The US has been threatening for months to cut aid to Islamabad over its failure to crack down on militant groups
Islamabad (AFP) - Pakistan denounced Washington’s decision to suspend hundreds of millions of dollars in security assistance as “counterproductive” Friday, in a carefully-worded response to the frustrated Trump administration’s public rebuke over militant safe havens.
The United States has been threatening for months to cut aid to Islamabad over its failure to crack down on groups such as the Afghan Taliban and the Haqqani network, which it says operates from bases in Pakistan’s northwest.
The rhetoric has raised hackles in Islamabad and fears the row could undermine Pakistan’s support for US operations in Afghanistan.
On Thursday, the State Department announced a dramatic freeze in deliveries of military equipment and security funding until Pakistan cracks down on the militants.
The announcement ignited some small protests in Pakistan on Friday, including in Chaman, one of the two main crossings on the border with Afghanistan where several hundred people gathered to chant anti-US slogans.
“We don’t need any type of aid. Almighty Allah is with us and he is giving us everything,” protester Mohammad Saleem told AFP, adding that he had a message for Donald Trump: “Don’t threaten us.”
But Pakistan’s foreign ministry issued a cautious statement in which it said it was “engaged” with US officials and awaiting further details.
Without referring to the decision directly, it warned that “arbitrary deadlines, unilateral pronouncements and shifting goalposts are counterproductive in addressing common threats.”
Emerging threats such as the growing presence of the Islamic State group in the region make cooperation more important than ever, it added.
Pakistan has fought fierce campaigns against homegrown Islamist groups, and says it has lost thousands of lives and spent billions of dollars in its long war on extremism.
But US officials accuse Islamabad of ignoring or even collaborating with groups that attack Afghanistan from safe havens along the border between the two countries.
In September last year, the US suspended $255 million in funding to help Pakistan buy high-tech weaponry from American manufacturers.
Now, the Defense Department has been instructed to stop making payments from “coalition support funds” set aside to refund Pakistani spending on counter-terrorist operations.
- Afghanistan welcomes move -
There will be exemptions, and officials refused to put a figure on how much Pakistan will lose out on if it fails to cooperate.
Pakistan has fought fierce campaigns against homegrown Islamist groups, and says it has lost thousands of lives and spent billions of dollars
But the National Defense Authorization Act permits the US military to spend up to $900 million in the 2017 financial year and $700 million in financial 2018.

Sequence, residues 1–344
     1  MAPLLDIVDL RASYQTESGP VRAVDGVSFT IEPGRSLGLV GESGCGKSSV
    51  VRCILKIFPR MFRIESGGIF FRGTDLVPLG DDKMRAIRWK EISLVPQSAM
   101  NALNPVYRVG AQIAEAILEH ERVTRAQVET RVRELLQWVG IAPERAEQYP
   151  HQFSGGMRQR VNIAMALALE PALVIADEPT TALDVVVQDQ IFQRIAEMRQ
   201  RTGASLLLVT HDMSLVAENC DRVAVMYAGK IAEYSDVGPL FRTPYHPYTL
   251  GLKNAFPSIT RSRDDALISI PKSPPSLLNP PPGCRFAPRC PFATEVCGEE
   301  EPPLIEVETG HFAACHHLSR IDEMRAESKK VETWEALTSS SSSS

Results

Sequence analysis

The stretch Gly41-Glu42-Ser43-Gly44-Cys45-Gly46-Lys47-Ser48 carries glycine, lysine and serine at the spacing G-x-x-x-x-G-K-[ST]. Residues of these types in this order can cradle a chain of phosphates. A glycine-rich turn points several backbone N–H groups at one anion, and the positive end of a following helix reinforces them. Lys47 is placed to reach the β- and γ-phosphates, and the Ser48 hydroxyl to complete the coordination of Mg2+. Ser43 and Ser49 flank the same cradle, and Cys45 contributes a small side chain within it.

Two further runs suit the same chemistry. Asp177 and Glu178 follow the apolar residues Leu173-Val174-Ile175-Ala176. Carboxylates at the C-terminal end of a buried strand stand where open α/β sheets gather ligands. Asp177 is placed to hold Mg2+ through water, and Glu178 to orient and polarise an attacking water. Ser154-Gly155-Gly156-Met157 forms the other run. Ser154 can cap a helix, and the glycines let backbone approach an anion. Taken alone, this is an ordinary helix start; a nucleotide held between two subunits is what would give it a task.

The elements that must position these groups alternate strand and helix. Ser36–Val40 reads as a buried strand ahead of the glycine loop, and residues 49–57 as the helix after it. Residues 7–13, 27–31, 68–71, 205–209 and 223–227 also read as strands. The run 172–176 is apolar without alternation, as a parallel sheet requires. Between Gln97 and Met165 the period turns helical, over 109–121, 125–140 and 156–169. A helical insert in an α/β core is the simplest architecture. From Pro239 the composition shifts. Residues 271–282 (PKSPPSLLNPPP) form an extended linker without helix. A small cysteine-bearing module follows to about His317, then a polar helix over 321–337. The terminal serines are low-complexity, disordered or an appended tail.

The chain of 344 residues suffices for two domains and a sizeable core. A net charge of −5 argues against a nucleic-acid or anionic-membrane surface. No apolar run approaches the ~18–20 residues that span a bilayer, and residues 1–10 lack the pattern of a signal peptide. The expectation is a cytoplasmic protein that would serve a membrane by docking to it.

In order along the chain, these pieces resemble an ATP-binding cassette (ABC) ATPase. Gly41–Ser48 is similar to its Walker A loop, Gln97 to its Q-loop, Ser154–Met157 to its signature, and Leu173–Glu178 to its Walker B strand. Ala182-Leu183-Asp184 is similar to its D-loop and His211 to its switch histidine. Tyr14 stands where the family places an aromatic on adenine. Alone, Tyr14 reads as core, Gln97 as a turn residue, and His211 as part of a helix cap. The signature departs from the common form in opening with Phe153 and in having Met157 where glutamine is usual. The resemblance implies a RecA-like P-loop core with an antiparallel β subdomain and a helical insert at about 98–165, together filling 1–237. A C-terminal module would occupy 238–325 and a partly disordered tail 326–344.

State Department spokeswoman Heather Nauert said the security spending would be suspended until Pakistan takes “decisive action” against the Afghan Taliban and the Haqqani network.
The move, which US officials had hinted at for months, was greeted optimistically in Afghanistan.
“We have been saying for years that neighbouring Pakistan is providing safe haven to terrorist groups, and they were also funding the terrorist groups,” Nasrat Rahim, deputy interior ministry spokesman, told reporters in Kabul.
“We welcome this announcement.”
Privately, US diplomats insist the relationship is not in crisis.
They say Pakistan is not refusing to fight the Haqqani network, but that the two capitals disagree about the facts on the ground.
Pakistan insists safe havens have been eradicated, but US intelligence says it is still seeing militants operating freely.
Nauert was at pains to point out that the frozen funds had not been cancelled, and would be ready to be disbursed if Pakistan takes action to prove its commitment to the fight.
“The United States stands ready to work with Pakistan in combating all terrorists, without distinction,” Nauert said.
On Thursday, the US State Department also tweeted that it has placed deeply conservative Muslim Pakistan on a special watch list for severe violations of religious freedom.
Pakistan, whose religious minorities have long been marginalised and targeted, said it rejects the designation and would seek a clarification from Washington.
“It is surprising that countries that have a well-known record of systematic persecution of religious minorities have not been included in the list,” the foreign ministry said in a statement.
“This reflects the double standards and political motives behind the listing and hence (it) lacks credibility.”